Negative Brains at Work - Five Ways to Fight Back
The brain is a fascinating machine. It powers our bodies, propels our actions, keeps us safe when there’s a sabretooth tiger in the house… all sorts of magical things.
It is also a saboteur. Research has shown that the brain is more likely to latch on to negative stimuli than positive. Brain activity, when shown negative images is notably higher than when shown positive or neutral images. We’ve become hardwired to focus on the negative and protect ourselves.
What about when there is no image or information to go by? The sabotage continues. Our brain taps into the hardwiring and our creativity and fills in the gaps by creating stories which tend toward the negative. Whether this morphs into full-on rumors or merely harmful assumptions held to oneself, it isn’t good.
The antidote? Disciplined, meaningful appreciation and gratitude.
Before you roll your eyes and click elsewhere, hear this out.
According to Glassdoor,
- 70% of employees would feel better about their work and themselves if their boss showed appreciation
- 81% would up their efforts
- 53% would stay put and not look for other work if they felt more appreciation from their boss
Fast Company reported that a lack of gratitude from their supervisors and the company is a major factor driving job dissatisfaction, turnover, absenteeism, and poor performance.
Living with gratitude provides us with personal benefits as well.
According to Psychology Today, gratitude improves our relationships, physical and mental health, and levels of stress.
In short, gratitude and appreciation impact the value and performance of your company by creating a culture where people want to be, create their best work, and share mutual successes. In turn, there is improved performance and profitability.
In this month of November, “National Gratitude Month,” it strikes me that creating a gratitude-filled culture doesn’t come naturally for many of us, part due to our negativity bias and part due to an impression that strong cultures embody strong, tough-minded approaches. Well, it’s time to call “bull.” Clearly, the above statistics suggest otherwise.
To hit the reset button, there are five steps we can take in our workplaces:
- Assess what the level of trust and appreciation in your workplace. If it’s low, dig deeper and with an open mind to discover what actions leadership have taken to foster the mistrust and fear. Root it out and eliminate it.
- Weave gratitude and appreciation into a daily routine and into workplace communication. It starts with the tone from the top:
- Owners and CEOs carry the ultimate responsibility for being role models
- Leadership teams may benefit from training on the importance of and techniques for showing appreciation to team members on a regular and consistent basis
- Compassion, empathy, and positivity will not come naturally. Be patient but persistent. Identify and name disciples within leadership as champions to effect incremental change.
- Accountability systems routinely focus on the negative when something wasn’t done as expected. These systems should be upgraded to include celebrations when plans, milestones, and/or expectations are achieved.
- Identify and develop techniques for showing appreciation and gratitude that fit your company, team, and an individual
- Ideas may include the personal thank you notes, well-timed treat days, compensation adjustments, recognition to peers or others, activities that reciprocate or help another person out, and so on. Be creative and fun.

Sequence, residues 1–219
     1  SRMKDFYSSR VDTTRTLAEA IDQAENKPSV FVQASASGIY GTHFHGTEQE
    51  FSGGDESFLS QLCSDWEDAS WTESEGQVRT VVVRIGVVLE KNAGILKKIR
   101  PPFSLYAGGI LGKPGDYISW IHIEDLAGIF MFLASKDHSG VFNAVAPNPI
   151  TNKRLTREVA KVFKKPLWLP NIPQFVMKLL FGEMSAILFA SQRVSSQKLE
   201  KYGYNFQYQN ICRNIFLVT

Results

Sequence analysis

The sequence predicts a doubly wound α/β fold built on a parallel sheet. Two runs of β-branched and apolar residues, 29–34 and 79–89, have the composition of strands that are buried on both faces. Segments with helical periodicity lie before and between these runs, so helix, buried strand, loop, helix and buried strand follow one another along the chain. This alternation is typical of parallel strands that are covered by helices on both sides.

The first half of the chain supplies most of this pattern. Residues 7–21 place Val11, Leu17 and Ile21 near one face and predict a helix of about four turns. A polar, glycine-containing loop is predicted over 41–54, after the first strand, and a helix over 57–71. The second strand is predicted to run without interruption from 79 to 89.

- For an individual, in addition to the above, the most valuable way to show appreciation and gratitude is through ensuring a person feels seen and heard. This comes from active listening, acknowledging that you heard what they said and the emotions they are displaying, sincerely thanking them for communicating what they did, and codesigning what next steps should look like.
- Think through where the appreciation “belongs” and what is appropriate for the particular audience
- Showing appreciation to the group when it was the substantive efforts of one person or vice versa, when the focus is on the individual when it was a group effort, might backfire. Depending on the situation, it may be appropriate to show gratitude to both in their own way.
- Not everyone appreciates the same kind of recognition or show of appreciation. For example, praising a painfully shy, private person at a public event in front of the entire company may be horrifying to them but an absolute thrill for someone else. Financial rewards may be perfect for one person whereas flexibility on their start time may be far more meaningful for someone juggling caretaking responsibilities.
- Appreciation and gratitude via words is important and may be enough for some people or some situations. However, other times, backing them up with action is crucial to reinforce that the gratitude was genuine.
- Offer low to no-cost benefits to employees to help them enhance their gratitude and mindfulness skills.
- Some ideas may include coordinating volunteer work/events to do together, on-site yoga or other mindfulness classes during lunch hours, or encouraging people to take their breaks when they should.
- Ask them. They are in the best position to help you figure out what will be most meaningful to them.
- Integrate gratitude into your own life. If you pause and think about it, it’s guaranteed that you know how to enhance this in your daily routine. Perhaps it’s a gratitude journal. Maybe its setting a daily alarm to go off at the same time every day that you name “Be grateful” or “Say thank you,” reminding you that, in that split second, you have things in your life that you are thankful for. Or maybe you meditate. Whatever it is, reconnect with it.
You’ll be grateful you did.